Waste and the risks associated with it are becoming an increasingly serious problem in environmental protection. There is an expanding interest in waste management in the world, in both the development of technologies to minimize their quantity and those related to their disposal and economic use. The main reason for extreme waste generation is irrational materials management. The garbage gather in landfills may be used as secondary raw materials, the value of which is estimated at a couple hundred million dollars. 25% of this amount is coal; 35% is zinc, lead, iron, and other metals; and 40% is related to components such as ash, slag, rock waste, aggregates, and others [1]. Limiting the mass of generated waste to a level that ensures balance between raw material, ecological, and sanitary waste is not possible without extensive synchronization of technologies and the manner people live with the formation and working of an ecological structure in the area. Actions aimed at reducing the amount of waste produced and placed in the surroundings should include recycling raw materials, minimizing waste production from end to end, the use of modern low-waste or nonwaste technologies, and replacing traditionally used raw materials [2]. The target system for solving the problem of production waste polluting the natural environment is low and waste-free technologies. Nonwaste technology (NWT) is based on preventing waste and full comprehensive use of the raw material. It involves a number of technological processes that lead to total management and, consequently, the elimination of pollution without harmful effects on the environment. The condition here is that waste should not be deposited. The implementation of NWT has its economic justification, because the full use of materials and, consequently, the reduction of the amount of waste, allows for increased production and allows for the reduction of imports of raw materials. In some cases, it is also possible to reduce the consumption of electricity, heat, or technology by reducing energy-consuming waste treatment processes. The benefits of using nonwaste technology also include reducing material consumption, environmental losses, and operating costs.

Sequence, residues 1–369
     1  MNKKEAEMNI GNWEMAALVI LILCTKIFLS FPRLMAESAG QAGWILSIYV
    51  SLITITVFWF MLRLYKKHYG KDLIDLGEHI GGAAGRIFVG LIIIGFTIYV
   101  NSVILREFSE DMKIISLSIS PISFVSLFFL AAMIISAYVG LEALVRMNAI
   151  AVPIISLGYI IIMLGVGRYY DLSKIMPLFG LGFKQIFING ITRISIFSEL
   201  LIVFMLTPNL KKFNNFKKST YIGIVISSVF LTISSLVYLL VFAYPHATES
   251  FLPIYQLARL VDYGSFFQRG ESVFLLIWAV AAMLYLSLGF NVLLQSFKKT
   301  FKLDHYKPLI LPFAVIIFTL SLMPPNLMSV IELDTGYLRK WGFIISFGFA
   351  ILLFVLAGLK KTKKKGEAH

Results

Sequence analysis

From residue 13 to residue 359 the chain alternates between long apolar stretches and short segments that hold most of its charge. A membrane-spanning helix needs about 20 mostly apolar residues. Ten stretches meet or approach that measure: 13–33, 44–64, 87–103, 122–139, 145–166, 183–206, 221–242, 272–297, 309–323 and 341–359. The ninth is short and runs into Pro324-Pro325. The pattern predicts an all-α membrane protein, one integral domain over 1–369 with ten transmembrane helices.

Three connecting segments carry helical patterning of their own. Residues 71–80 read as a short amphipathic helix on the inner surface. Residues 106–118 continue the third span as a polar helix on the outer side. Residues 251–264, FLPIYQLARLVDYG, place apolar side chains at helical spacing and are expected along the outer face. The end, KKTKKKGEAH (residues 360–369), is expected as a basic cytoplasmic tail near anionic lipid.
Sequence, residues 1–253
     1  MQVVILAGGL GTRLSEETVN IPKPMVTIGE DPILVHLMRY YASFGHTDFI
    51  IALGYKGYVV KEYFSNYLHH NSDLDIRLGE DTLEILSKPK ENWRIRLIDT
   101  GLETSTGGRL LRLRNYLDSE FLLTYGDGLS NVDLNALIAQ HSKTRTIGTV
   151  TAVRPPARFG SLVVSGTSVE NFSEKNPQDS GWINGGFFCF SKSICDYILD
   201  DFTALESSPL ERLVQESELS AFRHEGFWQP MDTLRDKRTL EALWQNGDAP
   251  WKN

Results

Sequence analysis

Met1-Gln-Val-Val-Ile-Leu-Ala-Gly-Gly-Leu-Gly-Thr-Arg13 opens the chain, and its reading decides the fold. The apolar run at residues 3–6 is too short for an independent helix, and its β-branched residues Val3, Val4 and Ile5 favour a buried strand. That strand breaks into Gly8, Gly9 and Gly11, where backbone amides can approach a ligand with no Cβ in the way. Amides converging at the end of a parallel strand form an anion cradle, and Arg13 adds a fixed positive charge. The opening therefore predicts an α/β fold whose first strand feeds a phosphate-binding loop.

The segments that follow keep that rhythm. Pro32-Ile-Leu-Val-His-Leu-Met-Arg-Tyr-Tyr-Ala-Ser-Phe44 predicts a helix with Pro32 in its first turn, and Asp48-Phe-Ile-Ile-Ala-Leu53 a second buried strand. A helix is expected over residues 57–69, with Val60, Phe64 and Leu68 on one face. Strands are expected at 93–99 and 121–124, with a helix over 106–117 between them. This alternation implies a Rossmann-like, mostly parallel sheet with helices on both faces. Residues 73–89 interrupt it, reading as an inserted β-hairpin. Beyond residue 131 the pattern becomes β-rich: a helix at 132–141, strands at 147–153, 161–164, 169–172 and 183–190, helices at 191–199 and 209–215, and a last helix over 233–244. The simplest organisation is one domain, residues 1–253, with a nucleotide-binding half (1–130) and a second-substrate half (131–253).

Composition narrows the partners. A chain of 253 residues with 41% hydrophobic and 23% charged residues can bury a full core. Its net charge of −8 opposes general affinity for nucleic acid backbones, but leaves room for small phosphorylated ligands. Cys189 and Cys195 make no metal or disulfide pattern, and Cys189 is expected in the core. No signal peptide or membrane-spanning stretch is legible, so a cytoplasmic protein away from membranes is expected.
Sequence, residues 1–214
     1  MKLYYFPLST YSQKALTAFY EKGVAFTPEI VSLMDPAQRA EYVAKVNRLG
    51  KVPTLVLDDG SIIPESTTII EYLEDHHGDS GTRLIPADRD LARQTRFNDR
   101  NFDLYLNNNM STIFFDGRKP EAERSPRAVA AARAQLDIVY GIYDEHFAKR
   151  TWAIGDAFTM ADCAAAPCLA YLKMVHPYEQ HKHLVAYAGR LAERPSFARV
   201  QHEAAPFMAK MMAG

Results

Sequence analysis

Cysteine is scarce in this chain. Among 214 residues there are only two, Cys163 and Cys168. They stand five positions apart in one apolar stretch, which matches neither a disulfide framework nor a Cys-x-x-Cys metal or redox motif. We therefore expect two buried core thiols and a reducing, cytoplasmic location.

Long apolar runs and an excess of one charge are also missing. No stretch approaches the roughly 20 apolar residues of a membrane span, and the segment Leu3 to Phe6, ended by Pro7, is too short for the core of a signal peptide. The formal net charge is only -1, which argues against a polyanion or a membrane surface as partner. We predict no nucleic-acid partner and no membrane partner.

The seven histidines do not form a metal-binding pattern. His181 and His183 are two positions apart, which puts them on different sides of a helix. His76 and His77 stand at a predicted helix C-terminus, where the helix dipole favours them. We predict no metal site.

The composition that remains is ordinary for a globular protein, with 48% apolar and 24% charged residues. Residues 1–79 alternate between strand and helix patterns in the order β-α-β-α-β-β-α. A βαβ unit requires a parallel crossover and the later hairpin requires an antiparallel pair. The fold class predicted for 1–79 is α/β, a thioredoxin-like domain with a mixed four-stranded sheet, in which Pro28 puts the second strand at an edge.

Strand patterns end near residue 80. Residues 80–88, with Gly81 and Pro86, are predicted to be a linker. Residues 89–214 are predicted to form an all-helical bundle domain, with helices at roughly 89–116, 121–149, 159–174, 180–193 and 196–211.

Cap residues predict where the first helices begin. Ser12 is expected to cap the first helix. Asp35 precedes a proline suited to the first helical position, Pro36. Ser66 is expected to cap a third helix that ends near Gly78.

Another method to reduce waste is recycling. Its basic job is to maximize the reuse of the same materials, including reduction of expenditure on their processing. The recycling process takes place in two areas: the production of goods and the subsequent generation of waste from them. Its assumptions assume the imposition of appropriate attitudes among manufacturers, conducive to the production of the most recoverable materials, and the creation of appropriate behavior among recipients. Recycling of waste from used postconsumer products can take place, among others through the secondary use of raw material combined with a change in its condition and composition. For this, it is necessary to sort waste not only into fractions such as metal, bio, plastic paper, or glass. It is necessary here to use advanced techniques to distinguish the type of material in individual groups because not all of them are suitable for reuse today. For example, the easiest way to recover and recycle PET is plastic.